Young is someone entirely unafraid of playing with who the hell he likes. The annual Bridge School Benefit he organises has featured the likes of Vanessa Carlton, Josh Groban, Hootie And The Blowfish and Tony Bennett alongside Metallica, Guns N’ Roses, Arcade Fire and Tom Petty. It seems to be a lesson the Foos have learned and certainly Grohl has been fearless about working with people he just happens to dig: soul pianist Norah Jones (Virginia Moon), jazz guitar virtuoso Kaki King (Ballad Of The Beaconsfield Miners), The Beatle’s embarrassing dad Paul McCartney (Sound City Players’ Cut Me Some Slack) to name but a few.

While the Foos have clearly not had a say in who plays The Invictus Games, the fact that they’re happy to play on such a seemingly peculiar bill points to their way of working. During that same 2007 interview, Grohl asked me what I thought of the punk band Against Me! – this was just after the brilliant New Wave was released. I told him I loved the album, and for the rest of the day he asked everyone he met. The response was overwhelmingly positive. A year later, the band were opening for the Foos at Wembley Stadium just because Grohl thought they were alright. Alongside them were The Futureheads, partly because they and the Foos had enjoyed getting pissed together on the festival circuit in 2005. It’s just the way Grohl works – if he fancies doing it, he does it. If he likes you, he’ll give you a leg up. And what better way is there to make music or live a life than that?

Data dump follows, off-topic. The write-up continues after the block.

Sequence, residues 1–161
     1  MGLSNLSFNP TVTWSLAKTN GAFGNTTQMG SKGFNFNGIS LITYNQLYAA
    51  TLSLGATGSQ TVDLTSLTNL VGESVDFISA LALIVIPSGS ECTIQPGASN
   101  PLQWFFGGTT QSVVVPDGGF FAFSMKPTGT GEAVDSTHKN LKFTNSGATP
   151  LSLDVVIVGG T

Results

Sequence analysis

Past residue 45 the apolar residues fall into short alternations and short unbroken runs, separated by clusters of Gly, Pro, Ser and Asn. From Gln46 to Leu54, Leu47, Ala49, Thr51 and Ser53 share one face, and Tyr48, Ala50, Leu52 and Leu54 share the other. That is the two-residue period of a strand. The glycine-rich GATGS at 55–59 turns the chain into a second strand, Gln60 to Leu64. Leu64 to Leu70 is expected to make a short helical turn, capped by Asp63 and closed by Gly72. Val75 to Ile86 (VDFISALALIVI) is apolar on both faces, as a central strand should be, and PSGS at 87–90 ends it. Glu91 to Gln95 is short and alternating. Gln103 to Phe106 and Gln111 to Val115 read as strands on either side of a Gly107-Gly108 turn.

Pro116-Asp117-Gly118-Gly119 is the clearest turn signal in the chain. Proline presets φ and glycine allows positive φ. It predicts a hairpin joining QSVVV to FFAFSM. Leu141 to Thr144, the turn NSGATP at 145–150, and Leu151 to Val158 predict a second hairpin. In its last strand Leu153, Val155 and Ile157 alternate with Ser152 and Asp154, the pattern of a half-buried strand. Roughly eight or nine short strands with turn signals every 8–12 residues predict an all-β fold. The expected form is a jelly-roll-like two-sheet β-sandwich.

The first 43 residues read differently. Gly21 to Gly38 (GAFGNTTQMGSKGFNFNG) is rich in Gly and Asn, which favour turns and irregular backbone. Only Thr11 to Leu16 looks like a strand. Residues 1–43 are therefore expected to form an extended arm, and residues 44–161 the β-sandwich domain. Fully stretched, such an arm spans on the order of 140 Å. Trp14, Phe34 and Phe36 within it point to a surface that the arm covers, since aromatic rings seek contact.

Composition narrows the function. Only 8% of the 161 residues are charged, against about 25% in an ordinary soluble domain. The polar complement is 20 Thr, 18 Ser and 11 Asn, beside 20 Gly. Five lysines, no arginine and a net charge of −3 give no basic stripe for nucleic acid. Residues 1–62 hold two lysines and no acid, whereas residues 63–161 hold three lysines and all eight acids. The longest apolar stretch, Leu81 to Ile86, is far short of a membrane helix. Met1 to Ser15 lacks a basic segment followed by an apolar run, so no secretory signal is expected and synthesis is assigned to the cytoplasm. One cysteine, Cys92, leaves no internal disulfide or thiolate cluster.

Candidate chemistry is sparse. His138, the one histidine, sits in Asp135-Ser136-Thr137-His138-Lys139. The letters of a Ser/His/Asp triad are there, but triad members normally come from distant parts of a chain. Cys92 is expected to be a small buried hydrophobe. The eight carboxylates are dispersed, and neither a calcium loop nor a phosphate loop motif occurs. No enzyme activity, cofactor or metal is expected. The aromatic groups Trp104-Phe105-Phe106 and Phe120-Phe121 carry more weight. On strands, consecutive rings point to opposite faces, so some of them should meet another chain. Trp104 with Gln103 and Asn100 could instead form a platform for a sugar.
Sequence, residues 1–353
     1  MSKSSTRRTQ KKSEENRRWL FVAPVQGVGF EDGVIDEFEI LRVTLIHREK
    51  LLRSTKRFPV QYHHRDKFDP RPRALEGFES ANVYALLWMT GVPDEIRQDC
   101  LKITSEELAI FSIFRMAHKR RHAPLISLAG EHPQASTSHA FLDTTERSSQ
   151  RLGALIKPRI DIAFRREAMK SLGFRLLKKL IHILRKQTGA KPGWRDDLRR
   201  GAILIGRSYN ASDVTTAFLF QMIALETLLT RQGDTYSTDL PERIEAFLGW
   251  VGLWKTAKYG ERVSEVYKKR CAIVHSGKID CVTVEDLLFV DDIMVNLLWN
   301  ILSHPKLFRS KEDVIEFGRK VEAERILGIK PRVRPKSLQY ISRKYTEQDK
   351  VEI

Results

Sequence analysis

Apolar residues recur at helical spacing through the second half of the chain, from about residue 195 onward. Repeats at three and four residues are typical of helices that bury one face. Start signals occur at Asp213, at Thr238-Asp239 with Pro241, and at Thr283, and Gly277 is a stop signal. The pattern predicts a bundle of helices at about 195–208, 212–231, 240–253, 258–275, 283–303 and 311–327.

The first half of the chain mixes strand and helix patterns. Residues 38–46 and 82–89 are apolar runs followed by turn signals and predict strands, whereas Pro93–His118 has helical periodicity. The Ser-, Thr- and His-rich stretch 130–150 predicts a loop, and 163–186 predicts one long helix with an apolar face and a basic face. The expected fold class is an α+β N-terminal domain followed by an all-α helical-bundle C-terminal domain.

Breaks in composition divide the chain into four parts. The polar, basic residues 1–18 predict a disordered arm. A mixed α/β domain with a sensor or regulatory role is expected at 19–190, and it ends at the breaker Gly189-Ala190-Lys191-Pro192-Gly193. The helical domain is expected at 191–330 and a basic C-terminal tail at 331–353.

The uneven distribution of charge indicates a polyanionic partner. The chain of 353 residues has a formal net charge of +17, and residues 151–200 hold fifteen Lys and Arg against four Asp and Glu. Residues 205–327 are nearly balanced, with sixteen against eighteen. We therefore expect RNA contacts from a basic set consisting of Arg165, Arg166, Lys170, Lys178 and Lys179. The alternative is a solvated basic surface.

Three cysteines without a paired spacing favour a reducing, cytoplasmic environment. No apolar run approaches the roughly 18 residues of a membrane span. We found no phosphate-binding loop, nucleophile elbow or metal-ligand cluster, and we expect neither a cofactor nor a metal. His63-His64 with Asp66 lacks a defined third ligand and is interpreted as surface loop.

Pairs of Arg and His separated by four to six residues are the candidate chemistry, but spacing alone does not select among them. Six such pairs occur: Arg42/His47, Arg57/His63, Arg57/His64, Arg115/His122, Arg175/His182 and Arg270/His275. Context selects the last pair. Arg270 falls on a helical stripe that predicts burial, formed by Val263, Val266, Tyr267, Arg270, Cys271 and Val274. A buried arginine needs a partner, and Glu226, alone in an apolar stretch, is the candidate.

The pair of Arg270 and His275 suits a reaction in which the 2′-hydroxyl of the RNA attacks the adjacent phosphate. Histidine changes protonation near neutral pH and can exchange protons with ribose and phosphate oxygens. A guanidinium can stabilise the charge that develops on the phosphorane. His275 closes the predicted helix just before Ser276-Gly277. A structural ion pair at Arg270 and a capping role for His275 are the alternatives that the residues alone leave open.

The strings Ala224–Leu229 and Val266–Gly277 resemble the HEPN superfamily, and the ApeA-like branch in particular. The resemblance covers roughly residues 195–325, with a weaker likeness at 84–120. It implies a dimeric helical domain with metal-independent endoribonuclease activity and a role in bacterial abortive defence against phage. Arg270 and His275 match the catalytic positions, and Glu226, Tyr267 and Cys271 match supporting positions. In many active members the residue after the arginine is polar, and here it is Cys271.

He once told me the entire foundation of the Foo Fighters was built on one thing alone. He started making music, of course, following the death of Kurt Cobain and the end of Nirvana as a kind of release valve. Initially, there was never any thought of releasing it.

“You have to remember that this band started on the basis of making music that no-one was supposed to hear,” he said. “That’s always been at the root.”

And if that’s the way you started a band that went on to sell well over 10 million albums, win a fistful of Grammies, and become worldwide household names, then why the hell would you not play with the Military Wives’ choir because a couple of people on the internet think it’s a bit weird?

It’s a reminder of something else Grohl said in that 2007 interview about how the Foos work, something that tells you all you need to know about how they work.

“The reason we work well as a band, is that we all keep it simple,” he said. “We try to run this organisation as though we’re a garage band. I hate the feeling of being swamped by minders and security. I hate being hustled from room to room like a diva. That upsets me, I hate it. It’s nice to just show up early, stay late, hang out and play music. All we’re doing is playing rock music – it’s important not to lose sight of that.”

That’s the reason he’s playing The Olympic Park with Ellie Goulding: because this is just rock ‘n’ roll.

Tom Bryant

Tom Bryant is The Guardian's deputy digital editor. The author of The True Lives Of My Chemical Romance: The Definitive Biography, he has written for Kerrang!, Q, MOJO, The Guardian, the Daily Mail, The Mirror, the BBC, Huck magazine, the londonpaper and Debrett's - during the course of which he has been attacked by the Red Hot Chili Peppers' bass player and accused of starting a riot with The Prodigy. Though not when writing for Debrett's.